The Scrambler 
Building the long discontinued sought after Ampeg
© Scrambler
last update: May 14, 2010

Copyright 2010-2020 by H. Gragger. All Rights Reserved. All information provided herein is destined for educational and D.I.Y. purposes only. Commercial re-sale, distribution or usage of artwork without explicit written permission of the author is strictly prohibited.The original units  with their associated  trade-names are subject to the copyright of the individual copyright owner. The Author is by no means affiliated with any of those companies. References to trade names are made for educational purposes only.By reading the information provided here you agree to the Terms of Use.
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Index


Building Experience
Sound Samples




my ampeg scrambler version
The Scrambler (click to enlarge).

Ampeg Scrambler clone with balance equalization for an even volume sweep, but otherwise stock.

The hardware has been ordered from Musikding in Germany, box is of type BB.
The front plate is made of an image transferred to a thin aluminum sheet via photographical process using Copyphot (TM) technology. It is very resistant against abrasion. The optics are closely modeled after the original units - beautiful!

For the LED I used a bezel with lens, reminiscent of old tube amp jewel lamps. The original does not have a LED. This was probably deemed redundant because the unit does not leave you in doubt whether it is on or not.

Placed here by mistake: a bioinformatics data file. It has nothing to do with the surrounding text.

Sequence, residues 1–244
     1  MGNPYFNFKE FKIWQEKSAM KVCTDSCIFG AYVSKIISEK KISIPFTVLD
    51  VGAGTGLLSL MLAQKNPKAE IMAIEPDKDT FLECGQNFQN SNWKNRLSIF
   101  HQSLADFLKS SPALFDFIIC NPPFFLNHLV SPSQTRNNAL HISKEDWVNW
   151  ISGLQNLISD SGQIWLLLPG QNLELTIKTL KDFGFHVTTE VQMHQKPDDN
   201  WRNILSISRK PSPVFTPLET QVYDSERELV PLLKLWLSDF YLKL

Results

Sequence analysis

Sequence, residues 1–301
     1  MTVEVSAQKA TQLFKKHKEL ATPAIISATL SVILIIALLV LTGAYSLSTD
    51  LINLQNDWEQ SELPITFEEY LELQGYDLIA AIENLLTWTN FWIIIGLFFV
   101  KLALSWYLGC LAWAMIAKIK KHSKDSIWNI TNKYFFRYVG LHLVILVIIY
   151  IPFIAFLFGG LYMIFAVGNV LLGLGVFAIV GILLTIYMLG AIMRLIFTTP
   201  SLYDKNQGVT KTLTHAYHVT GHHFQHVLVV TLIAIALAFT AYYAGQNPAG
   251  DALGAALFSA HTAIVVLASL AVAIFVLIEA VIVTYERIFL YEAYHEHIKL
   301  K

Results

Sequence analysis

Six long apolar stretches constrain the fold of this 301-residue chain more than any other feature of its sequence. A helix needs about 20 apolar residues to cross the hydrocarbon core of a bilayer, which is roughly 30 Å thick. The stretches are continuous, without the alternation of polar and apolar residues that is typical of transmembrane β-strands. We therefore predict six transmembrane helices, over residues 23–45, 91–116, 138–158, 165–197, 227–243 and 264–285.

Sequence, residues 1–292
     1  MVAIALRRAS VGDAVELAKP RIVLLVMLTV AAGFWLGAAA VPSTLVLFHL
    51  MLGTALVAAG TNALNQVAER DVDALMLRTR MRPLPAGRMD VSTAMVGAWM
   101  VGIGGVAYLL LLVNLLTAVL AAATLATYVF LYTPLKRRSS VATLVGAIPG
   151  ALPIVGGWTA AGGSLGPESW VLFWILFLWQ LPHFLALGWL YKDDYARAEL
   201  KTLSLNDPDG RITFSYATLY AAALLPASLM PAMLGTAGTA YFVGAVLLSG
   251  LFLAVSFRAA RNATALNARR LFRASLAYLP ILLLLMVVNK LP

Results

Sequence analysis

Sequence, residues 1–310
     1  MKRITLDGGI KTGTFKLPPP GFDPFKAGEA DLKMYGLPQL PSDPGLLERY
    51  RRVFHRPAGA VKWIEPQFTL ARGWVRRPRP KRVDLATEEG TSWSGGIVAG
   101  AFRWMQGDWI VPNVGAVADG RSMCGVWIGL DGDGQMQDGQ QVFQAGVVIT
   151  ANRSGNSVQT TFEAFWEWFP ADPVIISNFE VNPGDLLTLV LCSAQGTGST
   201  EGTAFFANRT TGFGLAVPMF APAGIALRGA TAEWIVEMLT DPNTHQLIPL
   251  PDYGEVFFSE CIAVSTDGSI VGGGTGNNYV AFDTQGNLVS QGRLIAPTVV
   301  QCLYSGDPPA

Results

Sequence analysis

Building Experience

This unit is not subject to modding - at least not in the author´s experience. It is beautifully weird as is.

I used the tonepad layout, what they call the Revolcador. This is a bit crammed for my taste, but at least there is provision made for evaluating diverse transistors on the PCB. Also, most caps are electrolytics, which very often use the same footprint for various working voltages, unlike film caps. So most of the caps that rumble around your drawer will fit.


Before I realized that I had already ordered a set of MPSA14, I made homebrew piggy-back darlingtons out of garden variety silicon transistors which worked fine. In fact, they sounded a little sweeter than the MPSA14, but I did not use them after all in because they were a bit bulky in the crammed layout.

If I were to rebuild the board, I would use the board mictester had done for this very purpose.

One thing I noticed, when I was sweeping the balance knob (which is a mixer between dry and effect), the volume dropped somewhat towards clean - meaning I have too much gain. This is contrary to what somebody else has experienced, who had too little gain. This must be subject to the transistors used.

Fortunately, this is very easy to remedy. One could modify the collector resistor of Q4 in analogy to the method shown by the previously mentioned builder. But dropping the value of this resistor may change things in an unwanted way besides increasing the current draw slightly. I decided to leave the overall value intact but splitting the collector load and tapping the output signal from the split point instead. It turned out, that a half/half split works fine (470 Ohms). The balance  control now sweeps smoothly from clean to distorted. I think it is clear what I have done, so there is no need for a schematic.

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Sound Samples

I did not make any sound samples because there are plenty of them around and mine does not sound any different . Also, there there is no tweaking.

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Update History
  • Nov. 5, 2010: first release
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